A former Amazon employee filed a class-action lawsuit against the online retailer accusing the company of failing to comply with multiple California labor codes.

Lovenia Scott filed the complaint in San Francisco in March 2021 and alleged that Amazon:

  • Failed to provide hourly employees ample breaks;
  • Refused to pay employees for the entire time that they spent working; and
  • Neglected to reimburse employees for work-related expenses.

The lawsuit seeks to represent an hourly employee class and multiple sub-classes of employees. The sub-class categories include:

  • A meal period sub-class, 
  • A wage statement penalties sub-class, and
  • A California-based expense reimbursement class.

This lawsuit against Amazon comes in the midst of the vote to unionize at an Alabama Amazon plant. 

Accusations Against Amazon

Scott was an Amazon employee from October 2016 to January 2019. Paid hourly, Scott was a logistics specialist at the retailer’s Vacaville, California, storehouse. Scott’s class action lawsuit alleges:

Denial of Earned Breaks

In California, employees who work more than six hours in a day are entitled to a 30-minute unpaid meal break by the fifth hour of work.

When on a meal break, employees should be free of their employer’s control. That means they are not required to respond to pages, interact with customers, or perform other work-related duties. 

Besides meal breaks, in California, employees are entitled to a 10-minute rest break for every four hours worked.  Like meal breaks, employees should be free of their employer’s control during their rest breaks. 

Scott’s class action lawsuit alleges Amazon regularly failed to provide her and fellow employees with the legally required meal and rest breaks. Scott alleges Amazon’s disorganization caused employees to miss their entitled breaks.

Managers allegedly told employees to take breaks “if and when” they could, leading to large amounts of employees taking a break during a lull in tasks. Subsequently, employees spent upwards of 10 minutes waiting to clock out and clock back in, diminishing their time spent resting or eating.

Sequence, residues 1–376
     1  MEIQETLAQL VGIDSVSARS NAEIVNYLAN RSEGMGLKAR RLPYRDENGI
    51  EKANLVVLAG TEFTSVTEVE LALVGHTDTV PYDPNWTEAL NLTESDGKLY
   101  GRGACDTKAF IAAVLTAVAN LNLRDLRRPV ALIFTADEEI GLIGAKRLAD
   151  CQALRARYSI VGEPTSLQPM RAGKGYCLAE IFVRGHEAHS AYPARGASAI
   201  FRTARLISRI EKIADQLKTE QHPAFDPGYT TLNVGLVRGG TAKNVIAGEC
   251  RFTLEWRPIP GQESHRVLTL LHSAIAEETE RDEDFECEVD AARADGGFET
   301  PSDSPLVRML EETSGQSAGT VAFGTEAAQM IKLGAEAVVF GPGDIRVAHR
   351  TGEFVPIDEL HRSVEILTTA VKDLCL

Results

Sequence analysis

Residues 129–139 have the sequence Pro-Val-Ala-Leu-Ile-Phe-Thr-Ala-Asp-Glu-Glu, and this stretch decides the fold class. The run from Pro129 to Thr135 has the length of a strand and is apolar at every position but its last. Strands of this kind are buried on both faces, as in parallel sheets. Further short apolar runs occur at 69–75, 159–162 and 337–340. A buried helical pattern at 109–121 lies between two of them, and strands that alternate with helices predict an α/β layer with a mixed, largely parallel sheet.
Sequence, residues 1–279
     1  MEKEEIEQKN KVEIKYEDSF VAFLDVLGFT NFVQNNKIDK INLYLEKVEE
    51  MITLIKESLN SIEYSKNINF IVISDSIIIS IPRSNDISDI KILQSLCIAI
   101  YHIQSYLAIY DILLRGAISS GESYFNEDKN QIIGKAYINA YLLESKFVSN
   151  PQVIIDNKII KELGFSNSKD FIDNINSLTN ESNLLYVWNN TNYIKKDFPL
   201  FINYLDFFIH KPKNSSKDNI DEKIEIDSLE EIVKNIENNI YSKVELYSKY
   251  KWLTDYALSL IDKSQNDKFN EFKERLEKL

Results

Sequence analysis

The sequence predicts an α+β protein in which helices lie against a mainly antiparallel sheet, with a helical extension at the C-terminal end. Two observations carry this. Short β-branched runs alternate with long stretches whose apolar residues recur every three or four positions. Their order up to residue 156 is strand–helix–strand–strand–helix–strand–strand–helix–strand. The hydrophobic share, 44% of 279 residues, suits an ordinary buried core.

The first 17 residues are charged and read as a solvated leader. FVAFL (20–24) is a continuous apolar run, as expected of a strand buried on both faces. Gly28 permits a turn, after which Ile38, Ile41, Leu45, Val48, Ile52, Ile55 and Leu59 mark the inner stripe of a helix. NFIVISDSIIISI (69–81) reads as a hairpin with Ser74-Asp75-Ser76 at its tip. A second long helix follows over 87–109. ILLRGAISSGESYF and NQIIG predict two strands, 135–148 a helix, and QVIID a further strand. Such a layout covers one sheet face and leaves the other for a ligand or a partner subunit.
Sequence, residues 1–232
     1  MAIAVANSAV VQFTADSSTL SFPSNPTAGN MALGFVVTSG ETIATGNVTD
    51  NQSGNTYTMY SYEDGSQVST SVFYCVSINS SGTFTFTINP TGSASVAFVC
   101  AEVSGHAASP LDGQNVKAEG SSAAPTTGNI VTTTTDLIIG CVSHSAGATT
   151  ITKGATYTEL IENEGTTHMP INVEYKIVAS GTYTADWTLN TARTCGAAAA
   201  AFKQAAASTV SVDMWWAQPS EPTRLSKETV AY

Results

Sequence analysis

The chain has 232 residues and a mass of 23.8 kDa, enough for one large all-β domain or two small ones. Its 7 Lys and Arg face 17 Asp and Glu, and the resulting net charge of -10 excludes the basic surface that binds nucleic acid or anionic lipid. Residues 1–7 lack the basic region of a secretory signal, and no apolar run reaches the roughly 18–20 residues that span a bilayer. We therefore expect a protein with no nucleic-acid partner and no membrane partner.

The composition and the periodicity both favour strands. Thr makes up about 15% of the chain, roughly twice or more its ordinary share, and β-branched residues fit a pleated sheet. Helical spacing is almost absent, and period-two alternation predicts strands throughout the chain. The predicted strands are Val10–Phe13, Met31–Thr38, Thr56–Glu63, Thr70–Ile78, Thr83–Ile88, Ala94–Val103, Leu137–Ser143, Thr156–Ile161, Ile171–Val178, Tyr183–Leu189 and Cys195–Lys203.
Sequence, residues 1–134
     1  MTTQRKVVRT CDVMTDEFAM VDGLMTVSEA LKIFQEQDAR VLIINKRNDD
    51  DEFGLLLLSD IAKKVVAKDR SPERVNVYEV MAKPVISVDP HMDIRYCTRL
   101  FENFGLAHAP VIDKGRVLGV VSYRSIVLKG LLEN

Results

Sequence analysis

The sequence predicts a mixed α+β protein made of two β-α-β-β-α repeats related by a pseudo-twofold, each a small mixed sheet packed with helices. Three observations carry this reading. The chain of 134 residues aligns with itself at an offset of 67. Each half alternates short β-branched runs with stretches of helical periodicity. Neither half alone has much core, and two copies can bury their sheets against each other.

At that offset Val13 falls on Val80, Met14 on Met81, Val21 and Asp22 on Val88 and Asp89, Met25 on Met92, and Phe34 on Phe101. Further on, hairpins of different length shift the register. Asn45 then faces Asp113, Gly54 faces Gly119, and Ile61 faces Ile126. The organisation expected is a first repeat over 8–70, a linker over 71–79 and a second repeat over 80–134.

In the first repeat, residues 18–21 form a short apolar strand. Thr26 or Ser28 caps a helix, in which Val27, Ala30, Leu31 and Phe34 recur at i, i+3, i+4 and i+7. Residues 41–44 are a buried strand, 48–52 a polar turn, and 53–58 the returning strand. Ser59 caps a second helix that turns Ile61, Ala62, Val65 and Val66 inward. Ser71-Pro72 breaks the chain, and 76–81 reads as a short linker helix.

Additionally, Scott complained that even when employees took their breaks, managers required them to listen and respond to walkie-talkie messages. 

Paying Inaccurate Wages

Scott’s class action lawsuit also alleges that she and her co-workers did not receive compensation for some of their time spent working, Scott states. Also, Scott’s lawsuit alleges that Amazon did not provide employees accurate pay stubs, nor did it pay complete and accurate overtime wages.

The class-action lawsuit argues that such employees are entitled to waiting time compensation and wage statement compensation. 

Failing to Reimburse for Expenses

Scott class action lawsuit also alleges that Amazon required warehouse employees to use their personal phones to make work-related calls without reimbursement. California labor law requires a company to pay back employees for such expenses.

Implications for Amazon

Scott’s class-action lawsuit is comprised of an hourly employee class, which covers all hourly or non-exempt Amazon employees in California.  Thus, her suit has the potential to cover a large group of Amazon employees. 

Scott’s class action lawsuit seeks compensation for unpaid wages, damages, restitution, interest, penalties, legal fees, and a jury trial through the lawsuit. 

The case is currently in the U.S. District Court, Northern District of California, San Francisco Division.


When a group of employees shares a common complaint against their employer, they can pursue a class-action lawsuit.

In California, class-action lawsuits hold employers accountable for wrongful actions against their workforce; protecting future employees from harm; and compensate past or current employees harmed by an employer’s unlawful acts.

At the Workplace Rights Law Group, our class-action employment lawyers passionately advocate for California workers.

With over 75 years of combined experience in employment law and our vast experience handling class and representative actions in California, we know how to take on large companies like Amazon.

If you are a current or former employee of Amazon and feel that your employment rights have been violated, give one of our employment attorneys a call at (818) 290-8904 for a free case review.


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